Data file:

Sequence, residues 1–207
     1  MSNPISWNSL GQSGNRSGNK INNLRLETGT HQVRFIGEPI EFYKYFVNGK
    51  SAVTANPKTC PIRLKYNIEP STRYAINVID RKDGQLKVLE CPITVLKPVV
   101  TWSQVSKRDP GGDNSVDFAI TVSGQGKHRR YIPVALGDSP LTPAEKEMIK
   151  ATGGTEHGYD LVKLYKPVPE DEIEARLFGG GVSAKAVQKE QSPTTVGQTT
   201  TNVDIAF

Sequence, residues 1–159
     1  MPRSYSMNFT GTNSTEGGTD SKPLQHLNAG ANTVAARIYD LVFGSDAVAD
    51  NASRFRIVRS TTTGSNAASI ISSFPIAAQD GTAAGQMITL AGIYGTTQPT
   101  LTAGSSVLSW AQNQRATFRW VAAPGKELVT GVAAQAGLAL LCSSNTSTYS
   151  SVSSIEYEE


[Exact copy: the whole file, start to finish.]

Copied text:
Sequence, residues 1–207
     1  MSNPISWNSL GQSGNRSGNK INNLRLETGT HQVRFIGEPI EFYKYFVNGK
    51  SAVTANPKTC PIRLKYNIEP STRYAINVID RKDGQLKVLE CPITVLKPVV
   101  TWSQVSKRDP GGDNSVDFAI TVSGQGKHRR YIPVALGDSP LTPAEKEMIK
   151  ATGGTEHGYD LVKLYKPVPE DEIEARLFGG GVSAKAVQKE QSPTTVGQTT
   201  TNVDIAF

Sequence, residues 1–159
     1  MPRSYSMNFT GTNSTEGGTD SKPLQHLNAG ANTVAARIYD LVFGSDAVAD
    51  NASRFRIVRS TTTGSNAASI ISSFPIAAQD GTAAGQMITL AGIYGTTQPT
   101  LTAGSSVLSW AQNQRATFRW VAAPGKELVT GVAAQAGLAL LCSSNTSTYS
   151  SVSSIEYEE